By Graham Glover –
A Southern Lutheran
It’s not an oxymoron, although sometimes it seems like it should be. Compared to the Northeast and Midwest, there aren’t a lot of Lutherans in the South, especially Missouri Synod Lutherans.
But we’re here, Lutherans in the land of Dixie. Lutherans have a rich history in the South, but again, compared to our friends up north, we sometimes seem an insignificant bunch.
My father-in-law, a Southern Baptist, jokes that when I first met his daughter, he had to tell his mom that a Lutheran was a type of Baptist or else my wife’s grandmother would think she was dating an unbeliever. I get similar reactions when my non-Lutheran Southern friends visit a Lutheran church. “That sure didn’t seem like a church service to me,” they often say. “Are you sure you aren’t a Catholic? And what in the world were you wearing up there? Those “dresses” you got on are a little strange, don’t you think?” I am most certainly not a typical Southern preacher.
But even though Lutherans may be outnumbered in the South, and while our American heritage may be stronger in other parts of the country, I think the South is a most natural place to be a Lutheran.
Lutherans are steeped in tradition. Our tradition—the Church’s tradition—doesn’t dictate our faith, as our faith is always normed by the truths of Holy Scripture. But it’s a faith that is never separated from tradition. Like Southerners, our tradition informs our language, customs, and practices. Some might say it’s impossible to be a Lutheran without an understanding or appreciation of tradition. Tradition informs so much of what we do and who we are as Lutherans, such as our doctrine, worship, and reading of Scripture. And like Southerners, we acknowledge that tradition needs to change from time to time. While tradition is important, it is not sacrosanct. Tradition is not inerrant.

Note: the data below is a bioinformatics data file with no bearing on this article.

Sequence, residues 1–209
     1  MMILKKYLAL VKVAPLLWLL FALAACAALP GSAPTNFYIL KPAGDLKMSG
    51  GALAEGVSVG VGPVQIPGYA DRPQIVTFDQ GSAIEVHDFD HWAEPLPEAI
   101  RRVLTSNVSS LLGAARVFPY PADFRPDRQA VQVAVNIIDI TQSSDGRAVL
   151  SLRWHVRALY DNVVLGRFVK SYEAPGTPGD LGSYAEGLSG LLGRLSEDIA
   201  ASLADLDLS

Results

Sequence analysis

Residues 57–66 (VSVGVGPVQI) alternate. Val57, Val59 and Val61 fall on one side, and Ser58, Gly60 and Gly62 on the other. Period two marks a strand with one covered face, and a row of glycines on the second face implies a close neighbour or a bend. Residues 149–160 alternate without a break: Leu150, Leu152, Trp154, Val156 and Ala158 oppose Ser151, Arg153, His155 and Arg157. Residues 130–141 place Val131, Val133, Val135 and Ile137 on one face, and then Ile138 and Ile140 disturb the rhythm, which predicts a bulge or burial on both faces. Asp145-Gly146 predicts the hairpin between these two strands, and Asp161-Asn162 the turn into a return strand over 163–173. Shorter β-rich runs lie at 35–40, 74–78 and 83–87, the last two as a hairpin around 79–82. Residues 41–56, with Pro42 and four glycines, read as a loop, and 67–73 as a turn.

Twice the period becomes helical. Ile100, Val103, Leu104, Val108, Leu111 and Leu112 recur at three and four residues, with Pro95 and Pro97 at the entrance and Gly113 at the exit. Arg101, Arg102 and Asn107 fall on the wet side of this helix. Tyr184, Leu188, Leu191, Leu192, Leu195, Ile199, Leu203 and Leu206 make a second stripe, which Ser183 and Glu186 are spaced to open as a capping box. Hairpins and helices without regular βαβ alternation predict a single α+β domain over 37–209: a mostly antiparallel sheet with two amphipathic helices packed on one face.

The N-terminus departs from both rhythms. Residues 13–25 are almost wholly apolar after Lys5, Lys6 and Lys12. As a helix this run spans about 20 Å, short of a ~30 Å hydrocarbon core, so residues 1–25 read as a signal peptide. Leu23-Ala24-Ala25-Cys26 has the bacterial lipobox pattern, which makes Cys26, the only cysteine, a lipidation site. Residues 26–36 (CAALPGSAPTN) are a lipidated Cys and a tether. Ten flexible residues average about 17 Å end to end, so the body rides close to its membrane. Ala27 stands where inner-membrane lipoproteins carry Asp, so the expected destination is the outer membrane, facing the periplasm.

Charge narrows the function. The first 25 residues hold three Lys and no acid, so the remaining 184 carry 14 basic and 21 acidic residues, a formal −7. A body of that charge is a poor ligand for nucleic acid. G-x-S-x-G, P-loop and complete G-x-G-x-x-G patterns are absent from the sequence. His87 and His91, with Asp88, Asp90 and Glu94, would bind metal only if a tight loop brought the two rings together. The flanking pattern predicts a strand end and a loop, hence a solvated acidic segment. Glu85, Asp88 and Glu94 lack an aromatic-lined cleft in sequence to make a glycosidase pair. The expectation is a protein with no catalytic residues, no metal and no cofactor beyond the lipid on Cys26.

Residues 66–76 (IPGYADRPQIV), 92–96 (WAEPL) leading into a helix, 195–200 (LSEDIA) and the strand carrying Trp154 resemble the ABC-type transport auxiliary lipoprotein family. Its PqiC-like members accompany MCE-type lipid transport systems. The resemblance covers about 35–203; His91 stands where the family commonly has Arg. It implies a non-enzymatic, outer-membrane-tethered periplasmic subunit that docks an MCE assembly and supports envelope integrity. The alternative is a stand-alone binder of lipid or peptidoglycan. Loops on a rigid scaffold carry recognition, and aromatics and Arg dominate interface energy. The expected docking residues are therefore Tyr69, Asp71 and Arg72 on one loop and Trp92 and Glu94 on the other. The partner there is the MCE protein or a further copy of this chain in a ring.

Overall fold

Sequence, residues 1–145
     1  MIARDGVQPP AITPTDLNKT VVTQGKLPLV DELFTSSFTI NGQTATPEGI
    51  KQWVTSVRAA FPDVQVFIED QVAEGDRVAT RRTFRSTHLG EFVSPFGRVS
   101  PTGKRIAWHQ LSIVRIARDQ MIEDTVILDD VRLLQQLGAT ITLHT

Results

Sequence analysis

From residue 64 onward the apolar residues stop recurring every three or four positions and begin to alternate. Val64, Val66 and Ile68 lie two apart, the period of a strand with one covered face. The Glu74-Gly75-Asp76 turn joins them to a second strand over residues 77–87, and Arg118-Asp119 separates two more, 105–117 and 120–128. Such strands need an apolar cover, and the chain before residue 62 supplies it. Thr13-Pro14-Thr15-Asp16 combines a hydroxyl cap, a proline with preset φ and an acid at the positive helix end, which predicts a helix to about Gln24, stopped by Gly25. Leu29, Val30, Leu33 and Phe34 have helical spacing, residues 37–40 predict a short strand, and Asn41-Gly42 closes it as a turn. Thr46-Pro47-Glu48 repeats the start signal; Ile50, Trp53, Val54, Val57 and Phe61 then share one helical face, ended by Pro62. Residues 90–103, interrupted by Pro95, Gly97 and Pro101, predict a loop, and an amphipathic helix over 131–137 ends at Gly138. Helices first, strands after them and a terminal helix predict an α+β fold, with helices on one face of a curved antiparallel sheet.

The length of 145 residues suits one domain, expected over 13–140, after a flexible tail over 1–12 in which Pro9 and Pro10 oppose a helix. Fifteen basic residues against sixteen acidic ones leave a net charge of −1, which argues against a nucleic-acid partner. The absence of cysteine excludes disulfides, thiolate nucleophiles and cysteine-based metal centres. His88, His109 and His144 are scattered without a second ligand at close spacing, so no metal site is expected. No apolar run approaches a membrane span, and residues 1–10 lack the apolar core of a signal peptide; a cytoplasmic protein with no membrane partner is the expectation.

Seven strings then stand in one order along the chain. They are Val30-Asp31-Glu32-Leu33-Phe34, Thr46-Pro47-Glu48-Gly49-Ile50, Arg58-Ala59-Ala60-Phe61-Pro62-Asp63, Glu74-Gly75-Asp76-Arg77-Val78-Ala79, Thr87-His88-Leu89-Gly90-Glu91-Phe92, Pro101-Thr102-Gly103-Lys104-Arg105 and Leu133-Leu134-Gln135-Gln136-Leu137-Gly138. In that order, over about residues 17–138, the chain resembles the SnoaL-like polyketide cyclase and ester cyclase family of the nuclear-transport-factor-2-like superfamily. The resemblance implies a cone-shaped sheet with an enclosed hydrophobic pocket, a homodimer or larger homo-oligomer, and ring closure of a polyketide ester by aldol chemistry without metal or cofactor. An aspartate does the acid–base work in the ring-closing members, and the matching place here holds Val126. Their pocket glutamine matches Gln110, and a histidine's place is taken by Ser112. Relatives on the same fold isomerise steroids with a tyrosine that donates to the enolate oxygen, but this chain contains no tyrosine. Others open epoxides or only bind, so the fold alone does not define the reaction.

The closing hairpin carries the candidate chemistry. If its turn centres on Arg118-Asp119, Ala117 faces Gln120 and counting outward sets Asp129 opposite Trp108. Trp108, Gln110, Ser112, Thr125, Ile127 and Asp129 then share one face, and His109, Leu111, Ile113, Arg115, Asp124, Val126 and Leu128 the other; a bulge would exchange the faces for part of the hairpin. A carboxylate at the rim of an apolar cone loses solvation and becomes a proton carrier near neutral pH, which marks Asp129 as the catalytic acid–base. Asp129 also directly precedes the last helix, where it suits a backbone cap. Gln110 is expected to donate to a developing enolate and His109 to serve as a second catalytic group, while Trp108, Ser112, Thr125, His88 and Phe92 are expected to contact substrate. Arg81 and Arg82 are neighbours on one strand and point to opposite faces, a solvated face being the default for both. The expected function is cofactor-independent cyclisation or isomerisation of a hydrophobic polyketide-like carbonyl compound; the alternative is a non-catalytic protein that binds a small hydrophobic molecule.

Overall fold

Lutherans are also deeply connected to community. While our congregations are self-governing, they aren’t wholly independent. We are part of a larger church body that binds itself to a common creed and a common understanding of what it means to be a Christian. Community means a lot to Lutherans, as it does to Southerners. Even when separated by city or state, Lutherans and Southerners are quick to rally around our commonalities. We are quick to identify with the larger community to which we belong. We do so because these communities mean something to us. They are important, both in substance and in style. These communities are not merely window dressing. They are part of who we are.
Lutherans are what I like to call appropriately formal. So much of what Lutherans do is formal: our worship, doctrine, and dress (to include those nifty “dresses” I get to wear during worship). By and large, Lutherans are not known for our informal demeanor. Some call us rigid, maybe even too rigid at times. But behind our formalities, most of which are appropriate, I think there is a laid-back people. And this is precisely the character of a Southerner—a formal but easygoing individual who will get all dressed up, talk properly, act dignified, and then offer you a beer or a glass of sweet tea and bare their soul to you.
So, to my fellow Southerners, we Lutherans may not look like what you think is normal for Christians. We may be a bit outside your comfort zone of how you understand Christian practice (especially the Lutherans who have “Missouri” in their name). But I’d like to suggest that you give us Lutherans a chance. Give us a look. I think you’ll find we have a lot more in common than you think!